Last week’s inaugural CableNEXT event drew more than 80 speakers to the Santa Clara Convention Center, including Comcast CTO Tony Werner.

Werner’s opening keynote sketched these five 5-year trends: (1) content/device convergence; (2) HD eclipsing of SD (standard definition); (3) time and place shifting; (4) Web and television convergence; and (5) cloud computing.

Werner prefaced his trend-setting remarks with a reference to "Convergence Cubed … a concept that (Comcast Executive Vice President for National Engineering and Technical Operations) John Schanz and I have started discuss." The idea is that once the network has converged, "the next step is content and devices."

The prospect of SD’s eclipsing of HD may have numerous drivers, including one that has more to do with interior decoration and consumer discomfort with the TV set’s traditional form factor than with picture quality or encoding algorithms. "What (consumers) really want is a flat TV that they can hang on the wall," Werner said.

As for time shifting, Werner mentioned Comcast’s recent porting of TiVo software, but emphasized the network (vs. client)-based approach, using the analogy of the "more economical" approach of voice mail to that of a home answering machine. On place shifting, Werner nodded to another consumer electronics innovation, Sling Media‘s Slingbox, but suggested that Comcast would explore content portability via The Fan, its online video site.

The idea of converging Web and TV platforms has been cycled and re-cycled. "More interesting," said Werner, "is what it opens up for long-tail content." As for testing consumer interest in accessing niche content via the Web, Comcast is planning some trials next year.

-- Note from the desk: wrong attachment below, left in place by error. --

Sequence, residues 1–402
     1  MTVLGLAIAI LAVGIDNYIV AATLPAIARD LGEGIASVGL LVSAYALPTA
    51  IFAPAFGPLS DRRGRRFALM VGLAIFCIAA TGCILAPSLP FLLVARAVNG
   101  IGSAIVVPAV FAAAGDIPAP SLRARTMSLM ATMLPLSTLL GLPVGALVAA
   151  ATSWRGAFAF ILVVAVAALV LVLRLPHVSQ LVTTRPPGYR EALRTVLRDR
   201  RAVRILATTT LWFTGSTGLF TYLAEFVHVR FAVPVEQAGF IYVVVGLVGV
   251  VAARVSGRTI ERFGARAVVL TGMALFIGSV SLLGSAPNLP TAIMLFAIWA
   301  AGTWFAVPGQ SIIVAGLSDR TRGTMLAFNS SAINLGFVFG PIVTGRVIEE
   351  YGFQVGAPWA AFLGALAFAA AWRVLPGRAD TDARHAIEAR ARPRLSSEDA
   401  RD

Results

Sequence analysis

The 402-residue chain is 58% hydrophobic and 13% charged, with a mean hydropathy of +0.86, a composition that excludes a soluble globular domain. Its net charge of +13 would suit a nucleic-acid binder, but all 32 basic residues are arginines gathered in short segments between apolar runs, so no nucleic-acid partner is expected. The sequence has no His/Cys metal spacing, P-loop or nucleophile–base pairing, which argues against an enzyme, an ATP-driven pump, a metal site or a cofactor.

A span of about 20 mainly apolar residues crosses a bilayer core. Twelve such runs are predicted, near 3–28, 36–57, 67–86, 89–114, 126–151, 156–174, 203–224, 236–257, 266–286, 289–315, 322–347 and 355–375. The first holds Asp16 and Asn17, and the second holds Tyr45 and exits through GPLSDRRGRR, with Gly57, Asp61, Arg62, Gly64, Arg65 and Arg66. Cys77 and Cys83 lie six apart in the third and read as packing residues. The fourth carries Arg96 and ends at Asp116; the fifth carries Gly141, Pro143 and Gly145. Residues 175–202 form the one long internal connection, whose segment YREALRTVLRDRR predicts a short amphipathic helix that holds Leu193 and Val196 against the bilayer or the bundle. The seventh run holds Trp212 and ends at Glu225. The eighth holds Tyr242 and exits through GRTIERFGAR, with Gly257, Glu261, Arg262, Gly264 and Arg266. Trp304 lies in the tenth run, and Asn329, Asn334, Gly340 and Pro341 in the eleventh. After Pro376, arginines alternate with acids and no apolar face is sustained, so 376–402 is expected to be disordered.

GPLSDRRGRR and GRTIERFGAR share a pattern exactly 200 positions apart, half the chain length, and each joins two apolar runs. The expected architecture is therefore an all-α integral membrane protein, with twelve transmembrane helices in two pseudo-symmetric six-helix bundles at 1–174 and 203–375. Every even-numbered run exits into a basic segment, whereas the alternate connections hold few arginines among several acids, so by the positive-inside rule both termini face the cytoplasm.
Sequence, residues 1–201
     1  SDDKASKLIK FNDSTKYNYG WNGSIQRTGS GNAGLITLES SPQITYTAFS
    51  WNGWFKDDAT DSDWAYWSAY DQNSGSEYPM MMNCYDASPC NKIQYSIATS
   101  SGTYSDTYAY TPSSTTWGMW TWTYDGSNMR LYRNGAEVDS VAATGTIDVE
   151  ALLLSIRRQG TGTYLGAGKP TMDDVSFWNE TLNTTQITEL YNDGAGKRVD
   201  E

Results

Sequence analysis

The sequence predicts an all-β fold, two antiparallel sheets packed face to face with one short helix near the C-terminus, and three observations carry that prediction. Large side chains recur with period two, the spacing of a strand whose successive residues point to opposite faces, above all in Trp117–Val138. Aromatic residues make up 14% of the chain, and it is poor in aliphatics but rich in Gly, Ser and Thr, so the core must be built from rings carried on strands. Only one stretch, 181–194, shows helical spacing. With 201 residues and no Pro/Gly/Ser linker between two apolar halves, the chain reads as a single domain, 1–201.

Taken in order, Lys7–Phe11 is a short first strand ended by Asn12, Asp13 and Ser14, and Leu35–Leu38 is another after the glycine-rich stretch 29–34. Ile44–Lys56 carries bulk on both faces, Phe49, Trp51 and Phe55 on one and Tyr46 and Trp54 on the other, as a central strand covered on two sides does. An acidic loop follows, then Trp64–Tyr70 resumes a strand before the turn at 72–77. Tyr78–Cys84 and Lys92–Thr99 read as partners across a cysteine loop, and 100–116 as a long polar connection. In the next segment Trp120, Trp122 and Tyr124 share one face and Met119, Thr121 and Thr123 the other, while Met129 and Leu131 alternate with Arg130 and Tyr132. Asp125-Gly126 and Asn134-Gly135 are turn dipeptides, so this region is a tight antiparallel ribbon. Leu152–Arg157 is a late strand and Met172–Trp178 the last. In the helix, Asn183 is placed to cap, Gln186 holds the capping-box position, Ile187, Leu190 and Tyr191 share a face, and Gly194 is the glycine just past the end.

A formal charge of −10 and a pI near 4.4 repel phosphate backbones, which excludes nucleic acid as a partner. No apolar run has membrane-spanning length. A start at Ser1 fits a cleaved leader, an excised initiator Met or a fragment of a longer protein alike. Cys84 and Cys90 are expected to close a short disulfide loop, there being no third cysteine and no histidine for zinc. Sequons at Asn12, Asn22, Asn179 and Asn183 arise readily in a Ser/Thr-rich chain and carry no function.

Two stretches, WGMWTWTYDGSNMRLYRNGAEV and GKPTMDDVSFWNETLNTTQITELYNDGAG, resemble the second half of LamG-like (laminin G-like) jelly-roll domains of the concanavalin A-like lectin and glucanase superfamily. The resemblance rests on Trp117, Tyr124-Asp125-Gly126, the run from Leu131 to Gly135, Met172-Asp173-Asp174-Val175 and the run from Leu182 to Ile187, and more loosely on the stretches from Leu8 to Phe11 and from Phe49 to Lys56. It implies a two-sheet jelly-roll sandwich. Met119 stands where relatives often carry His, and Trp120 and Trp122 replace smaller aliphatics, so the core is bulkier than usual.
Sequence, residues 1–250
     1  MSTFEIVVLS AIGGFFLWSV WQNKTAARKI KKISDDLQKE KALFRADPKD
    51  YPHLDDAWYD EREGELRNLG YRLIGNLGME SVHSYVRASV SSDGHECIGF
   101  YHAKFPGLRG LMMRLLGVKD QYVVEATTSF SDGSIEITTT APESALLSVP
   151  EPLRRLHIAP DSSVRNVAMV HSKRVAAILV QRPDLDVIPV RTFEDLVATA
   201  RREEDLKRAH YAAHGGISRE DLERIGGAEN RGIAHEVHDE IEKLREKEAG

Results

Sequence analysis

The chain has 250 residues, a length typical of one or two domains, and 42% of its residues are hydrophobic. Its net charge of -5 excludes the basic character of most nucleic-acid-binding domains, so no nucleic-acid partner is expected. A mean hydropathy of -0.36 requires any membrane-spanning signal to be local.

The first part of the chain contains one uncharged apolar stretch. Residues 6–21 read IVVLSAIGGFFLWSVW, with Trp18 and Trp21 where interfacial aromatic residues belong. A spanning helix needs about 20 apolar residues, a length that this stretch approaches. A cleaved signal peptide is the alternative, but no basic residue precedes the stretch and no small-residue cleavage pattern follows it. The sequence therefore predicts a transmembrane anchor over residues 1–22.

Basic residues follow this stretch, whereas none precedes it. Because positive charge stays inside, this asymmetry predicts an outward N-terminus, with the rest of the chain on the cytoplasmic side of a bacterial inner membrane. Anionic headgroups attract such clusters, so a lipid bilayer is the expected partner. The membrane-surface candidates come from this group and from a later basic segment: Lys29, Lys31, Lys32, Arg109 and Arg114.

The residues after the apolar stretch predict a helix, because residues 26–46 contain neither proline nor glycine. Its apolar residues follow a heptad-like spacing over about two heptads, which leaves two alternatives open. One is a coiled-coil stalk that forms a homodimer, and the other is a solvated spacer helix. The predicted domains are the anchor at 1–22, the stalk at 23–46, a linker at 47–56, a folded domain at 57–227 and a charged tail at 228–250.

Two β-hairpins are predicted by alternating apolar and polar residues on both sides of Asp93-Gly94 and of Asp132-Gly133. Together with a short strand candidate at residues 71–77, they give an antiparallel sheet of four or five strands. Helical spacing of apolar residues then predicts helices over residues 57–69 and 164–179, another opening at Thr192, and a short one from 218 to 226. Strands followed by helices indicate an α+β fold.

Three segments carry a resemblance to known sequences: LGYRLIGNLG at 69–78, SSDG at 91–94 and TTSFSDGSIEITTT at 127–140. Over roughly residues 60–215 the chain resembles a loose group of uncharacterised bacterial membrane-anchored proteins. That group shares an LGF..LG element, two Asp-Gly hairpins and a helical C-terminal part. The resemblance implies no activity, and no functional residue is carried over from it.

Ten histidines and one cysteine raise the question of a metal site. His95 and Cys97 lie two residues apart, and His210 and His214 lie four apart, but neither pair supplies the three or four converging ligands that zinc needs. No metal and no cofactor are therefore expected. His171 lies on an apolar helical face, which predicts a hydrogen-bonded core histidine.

Driving the "cloud computing" phenomenon are high-speed networks and distributed processing and storage technologies. Online gaming is a possible application for this trend, but others will arise as speeds increase – Werner said that by mid-2008 Comcast would be deploying only DOCSIS 3.0 equipment – and storage becomes ever more dense. Other speakers  Reaction to Werner’s talk included Harmonic President and CEO Patrick Harshman’s nod to the "unexpected success" that traditional programmers were having with online ad sales (see trend No. 4), and a shake of the head on cable’s HD efforts: "A lot of work needs to be done to recapture the initiative."

Bear, Stearns & Co. Senior Managing Director Spencer Wang said navigation remained a weak link. He’s still waiting for guide "robust enough" to handle the existing channel lineup. Werner said OCAP (aka OpenCable) would help overcome the multiple platform challenge and that Brian Roberts would be showcasing a "very cool navigation paradigm" at CES.

Werner was only one of several marquis names at CableNEXT. NCTA Senior Vice President for Law and Regulatory Policy Daniel Brenner offered an a la carte joke at Kevin Martin’s expense and reiterated the industry’s preference for a two-way plug-and-play standard via OpenCable vs. the Consumer Electronics Association‘s more recent DCR+ approach.

Timing is a paramount concern. "If the (digital) transition is your concern, OpenCable is the only approach," he said.

Absent such constraints and given the luxury of a blank slate, Brenner said that a universal multi-channel video programming distributor (MVPD) that worked over cable, satellite and telco platforms would be a preferable solution.

The two other keynoters at CableNEXT, which arguably fills part of the gap in the industry calendar left by the Western Show’s demise in Anaheim four years ago, were Intel General Manager for Consumer Electronics William Leszinske and Managing Director, Merriman Curhan Ford & Co., Tim Savageux.

More than 80 total speakers were slated across the two-and-a-half day event, which included an entirely separate track on OpenCable that leveraged the presence of Silicon Valley developers interested in this once and future interactive platform. CableNEXT drew more than 400 registrants by its start date, said Rob Stuehrk, publisher of ScreenPlays magazine and event organizer.  – Jonathan Tombes

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